For many years, successive UK governments have relied on the activities of carers - usually relatives or partners, sometimes friends and neighbours - to provide the bulk of 'community care' to people with support needs. Although Invalid Care Allowance was available to some carers from 1975, throughout the 1980s their input remained largely taken for granted. It was generally assumed that individuals, especially women, were willing and able to support older, disabled or ill family members. However, the late 1980s and early '90s saw a rapid rise in the growth and political influence of carers' organisations. These had started in 1965 with the formation of the National Council for the Single Woman and her Dependants which by 1986 had become the Carers National Association (CAN, now Carers UK). Partly as a result of pressure from carers' organisations, the White Paper, Caring for People (Secretaries of State, 1989), which preceded the NHS and Community Care Act 1990, stated that the second objective of the community care 'reforms' was to prioritise practical support for carers: users' assessments 'should always take account of "carers" needs' (1.11). Where significant differences emerged between users' and carers' views, the practice guidance suggested that separate consultation, or even separate assessment, of carers' needs might be advisable. Nevertheless, 'so long as they are competent, the users' views should be given more weight' (SSI/SWSG, 1991, 3.34).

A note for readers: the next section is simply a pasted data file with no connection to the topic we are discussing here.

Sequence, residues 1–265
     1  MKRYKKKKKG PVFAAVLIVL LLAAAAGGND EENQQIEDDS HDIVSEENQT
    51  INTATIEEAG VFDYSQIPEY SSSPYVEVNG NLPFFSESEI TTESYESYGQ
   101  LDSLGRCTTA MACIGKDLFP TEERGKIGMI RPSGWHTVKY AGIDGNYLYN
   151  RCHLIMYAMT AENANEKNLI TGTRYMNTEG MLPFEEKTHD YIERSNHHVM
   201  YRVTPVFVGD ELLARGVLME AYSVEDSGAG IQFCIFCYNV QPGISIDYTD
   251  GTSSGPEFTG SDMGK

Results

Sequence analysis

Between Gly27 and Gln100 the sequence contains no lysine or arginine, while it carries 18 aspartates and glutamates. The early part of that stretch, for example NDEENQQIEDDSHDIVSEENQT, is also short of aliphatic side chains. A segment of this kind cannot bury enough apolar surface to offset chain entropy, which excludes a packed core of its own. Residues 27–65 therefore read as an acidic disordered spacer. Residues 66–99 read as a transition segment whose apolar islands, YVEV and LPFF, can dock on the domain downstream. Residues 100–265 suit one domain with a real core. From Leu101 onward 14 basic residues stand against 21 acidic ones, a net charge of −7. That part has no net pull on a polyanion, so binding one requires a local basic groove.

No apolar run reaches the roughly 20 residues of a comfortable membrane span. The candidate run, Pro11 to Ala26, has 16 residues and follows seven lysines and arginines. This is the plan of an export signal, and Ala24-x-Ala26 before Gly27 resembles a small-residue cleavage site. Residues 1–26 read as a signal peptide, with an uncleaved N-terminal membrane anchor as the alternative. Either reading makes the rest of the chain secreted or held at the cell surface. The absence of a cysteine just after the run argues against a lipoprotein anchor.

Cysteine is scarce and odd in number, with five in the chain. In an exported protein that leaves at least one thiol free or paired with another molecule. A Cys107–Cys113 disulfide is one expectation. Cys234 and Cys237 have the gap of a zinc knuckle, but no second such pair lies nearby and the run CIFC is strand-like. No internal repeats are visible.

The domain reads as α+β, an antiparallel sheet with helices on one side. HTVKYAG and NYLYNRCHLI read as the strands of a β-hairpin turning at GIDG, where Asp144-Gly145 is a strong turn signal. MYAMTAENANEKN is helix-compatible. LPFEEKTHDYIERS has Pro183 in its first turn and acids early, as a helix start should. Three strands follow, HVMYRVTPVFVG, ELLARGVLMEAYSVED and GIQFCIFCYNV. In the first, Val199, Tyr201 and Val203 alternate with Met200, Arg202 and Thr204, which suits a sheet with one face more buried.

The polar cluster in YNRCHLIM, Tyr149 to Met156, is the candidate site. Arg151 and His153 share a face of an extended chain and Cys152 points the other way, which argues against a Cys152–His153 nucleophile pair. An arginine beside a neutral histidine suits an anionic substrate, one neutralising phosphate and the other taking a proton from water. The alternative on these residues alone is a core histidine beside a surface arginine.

|Number of pages||4|
|Journal||Research, Policy and Planning|
|Publication status||Published - 2003|
- social work
- social care